Shadows (2015 Relapse Records)
5-13-2015 by Paul Maddison – 8.5/10 STARS
Heavy/stoner/doom could mean a lot of things in terms of musical references, but America’s (Virginia) Valkyrie are just that… Soaked in retro and vibe, based on the works of their previous outings, ‘Shadows’ can only be an improvement right? Damn right. This album seems to be less groove and more down turned in terms of pace, heavy references to the late 90’s early noughties stoner scene and fans thereof wouldn’t go wrong with this effort that feels more consistent than some earlier efforts.
‘Shadow if Reality’ starts with a lazy but haunting vocal tone that’s quite similar to my memories of listening to Count Raven some years ago, mixed with Sheavy. It’s pretty coincidental that I am listening and writing to this release in the rare day of sunshine that we get here, it’s definitely got that summer vibe. That big power trio sound, although a four piece. Influence is surprisingly sparse in terms of other bands that this line-up features in, such as Baroness, but then when you can get references to Orchid and Argus without blinking an eye, then you are more than comfortable with present company.
A song like ‘Temple’ may start out quite dreamy and inclusive for the listener, but there’s some brash guitar work appearing later in the track, it’s definitely rocking man! ‘Wintry Plains’ is doomy, trippy and one of those tracks that just makes you sit back, close your eyes and rock out in your own little world. It has life and atmosphere. That combination of the vocal style and the guitar sound, with a few guitar trills and string bending moments of indulgence really make for a good all round album, although I don’t really see the relevance of the artwork, maybe that’s something missed on me.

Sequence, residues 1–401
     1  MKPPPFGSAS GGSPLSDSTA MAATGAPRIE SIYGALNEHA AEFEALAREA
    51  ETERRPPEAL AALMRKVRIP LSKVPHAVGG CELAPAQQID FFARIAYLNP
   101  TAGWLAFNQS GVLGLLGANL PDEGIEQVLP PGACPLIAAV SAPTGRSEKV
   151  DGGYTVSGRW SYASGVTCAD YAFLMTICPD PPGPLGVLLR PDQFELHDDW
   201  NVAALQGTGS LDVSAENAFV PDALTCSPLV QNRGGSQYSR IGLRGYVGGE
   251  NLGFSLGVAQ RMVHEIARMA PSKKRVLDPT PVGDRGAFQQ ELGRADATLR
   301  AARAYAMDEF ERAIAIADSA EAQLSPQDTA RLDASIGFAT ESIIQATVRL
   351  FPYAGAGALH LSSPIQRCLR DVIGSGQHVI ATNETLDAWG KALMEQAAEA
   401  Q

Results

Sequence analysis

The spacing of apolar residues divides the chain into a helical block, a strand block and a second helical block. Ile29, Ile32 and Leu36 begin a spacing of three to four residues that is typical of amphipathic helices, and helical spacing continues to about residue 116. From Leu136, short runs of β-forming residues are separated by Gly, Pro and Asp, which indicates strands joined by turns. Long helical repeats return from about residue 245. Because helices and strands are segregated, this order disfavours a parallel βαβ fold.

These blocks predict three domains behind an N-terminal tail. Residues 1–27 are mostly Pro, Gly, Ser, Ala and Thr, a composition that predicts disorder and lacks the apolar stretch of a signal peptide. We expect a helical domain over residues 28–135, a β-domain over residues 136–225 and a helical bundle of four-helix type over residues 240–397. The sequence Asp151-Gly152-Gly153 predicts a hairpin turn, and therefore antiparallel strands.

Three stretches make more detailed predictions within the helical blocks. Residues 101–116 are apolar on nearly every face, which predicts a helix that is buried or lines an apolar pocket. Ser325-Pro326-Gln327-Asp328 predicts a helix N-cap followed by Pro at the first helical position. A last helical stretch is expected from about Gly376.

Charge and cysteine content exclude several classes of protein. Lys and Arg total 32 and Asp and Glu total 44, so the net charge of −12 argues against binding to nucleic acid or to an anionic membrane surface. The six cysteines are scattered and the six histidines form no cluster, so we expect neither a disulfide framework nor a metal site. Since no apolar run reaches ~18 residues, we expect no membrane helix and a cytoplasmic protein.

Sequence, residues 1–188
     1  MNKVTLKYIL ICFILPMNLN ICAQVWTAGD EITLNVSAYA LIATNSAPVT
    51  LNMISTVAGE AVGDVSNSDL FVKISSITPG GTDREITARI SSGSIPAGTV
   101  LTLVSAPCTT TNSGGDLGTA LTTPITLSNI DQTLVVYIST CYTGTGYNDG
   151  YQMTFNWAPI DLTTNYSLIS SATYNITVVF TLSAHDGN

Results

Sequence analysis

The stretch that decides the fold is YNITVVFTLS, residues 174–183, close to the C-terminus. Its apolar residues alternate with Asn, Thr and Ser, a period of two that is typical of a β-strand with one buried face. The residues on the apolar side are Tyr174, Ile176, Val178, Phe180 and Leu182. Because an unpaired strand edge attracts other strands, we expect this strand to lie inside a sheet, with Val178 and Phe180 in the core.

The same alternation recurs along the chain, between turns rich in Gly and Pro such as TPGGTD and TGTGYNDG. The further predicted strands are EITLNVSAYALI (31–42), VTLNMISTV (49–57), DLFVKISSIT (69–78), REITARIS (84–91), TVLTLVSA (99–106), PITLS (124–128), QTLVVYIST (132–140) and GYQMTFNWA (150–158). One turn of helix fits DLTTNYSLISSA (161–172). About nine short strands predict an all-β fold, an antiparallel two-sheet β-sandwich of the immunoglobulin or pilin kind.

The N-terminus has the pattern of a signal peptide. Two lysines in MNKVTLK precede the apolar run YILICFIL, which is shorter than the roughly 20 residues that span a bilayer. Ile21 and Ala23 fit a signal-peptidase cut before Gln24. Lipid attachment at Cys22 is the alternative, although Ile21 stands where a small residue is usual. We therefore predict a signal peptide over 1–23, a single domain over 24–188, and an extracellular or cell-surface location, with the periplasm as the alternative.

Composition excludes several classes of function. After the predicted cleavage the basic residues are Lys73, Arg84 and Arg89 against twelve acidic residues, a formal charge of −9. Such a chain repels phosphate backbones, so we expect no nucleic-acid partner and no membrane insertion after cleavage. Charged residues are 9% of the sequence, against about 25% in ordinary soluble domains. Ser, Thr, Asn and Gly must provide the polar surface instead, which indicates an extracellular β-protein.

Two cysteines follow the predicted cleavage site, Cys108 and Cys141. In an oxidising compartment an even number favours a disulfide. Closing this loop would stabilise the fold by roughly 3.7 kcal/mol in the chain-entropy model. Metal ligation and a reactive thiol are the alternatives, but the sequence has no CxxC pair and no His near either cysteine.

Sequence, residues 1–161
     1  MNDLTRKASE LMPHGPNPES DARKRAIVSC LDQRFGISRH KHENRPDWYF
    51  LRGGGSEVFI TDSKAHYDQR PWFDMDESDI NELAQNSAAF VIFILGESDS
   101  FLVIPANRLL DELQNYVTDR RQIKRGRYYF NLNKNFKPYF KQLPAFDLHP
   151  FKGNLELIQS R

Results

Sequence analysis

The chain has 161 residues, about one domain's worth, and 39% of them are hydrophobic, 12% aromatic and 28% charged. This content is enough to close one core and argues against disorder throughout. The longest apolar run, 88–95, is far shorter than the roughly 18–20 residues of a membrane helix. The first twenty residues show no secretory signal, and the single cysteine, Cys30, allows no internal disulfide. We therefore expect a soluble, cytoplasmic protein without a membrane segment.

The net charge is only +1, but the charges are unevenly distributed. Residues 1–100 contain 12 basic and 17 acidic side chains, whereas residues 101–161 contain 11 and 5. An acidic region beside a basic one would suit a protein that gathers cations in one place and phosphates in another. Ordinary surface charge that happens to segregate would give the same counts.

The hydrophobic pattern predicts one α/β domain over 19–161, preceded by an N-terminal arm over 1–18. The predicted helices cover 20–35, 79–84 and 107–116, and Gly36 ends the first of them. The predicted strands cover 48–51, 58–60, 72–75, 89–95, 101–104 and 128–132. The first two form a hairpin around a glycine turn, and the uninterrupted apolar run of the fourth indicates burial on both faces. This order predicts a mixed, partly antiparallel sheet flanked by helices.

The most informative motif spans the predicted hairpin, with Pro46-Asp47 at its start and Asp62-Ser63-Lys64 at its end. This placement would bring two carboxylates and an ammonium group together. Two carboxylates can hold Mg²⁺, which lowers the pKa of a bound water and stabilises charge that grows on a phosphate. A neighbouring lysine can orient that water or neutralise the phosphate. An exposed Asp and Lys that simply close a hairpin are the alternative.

If you are looking to compare to earlier albums, especially ‘Man of Two Visions’ then you will find a band moving forward. There is less riffing, but more groove and overall ‘Shadows’ sounds like a band tripping via some exhaustive and compelling vibes whilst experimenting with the human psyche and consciousness. Thus resulting in a more epic song structure, presented with a vision of almost hedonism, I find this album really cool, much more than other releases, a change is better than none, this really works on so many levels summarized by ‘Echoes (of the way we lived)’.
Shadows (2015 Relapse Records)
5-13-2015 by Gruesome Greg – 7.5/10 STARS
Been a while since we’ve heard from these Virginia doomsters—split 7” with Earthling aside, they haven’t released a record since 2008. And yet, their profile has grown somewhat in their absence, what with guitarist Pete Adams joining Baroness. Suffice to say, the Baroness connection secured their record deal with Relapse, providing the resources—recorded by Sanford Parker, mixed by Brad Boatright—to lay the foundation for a pretty decent album.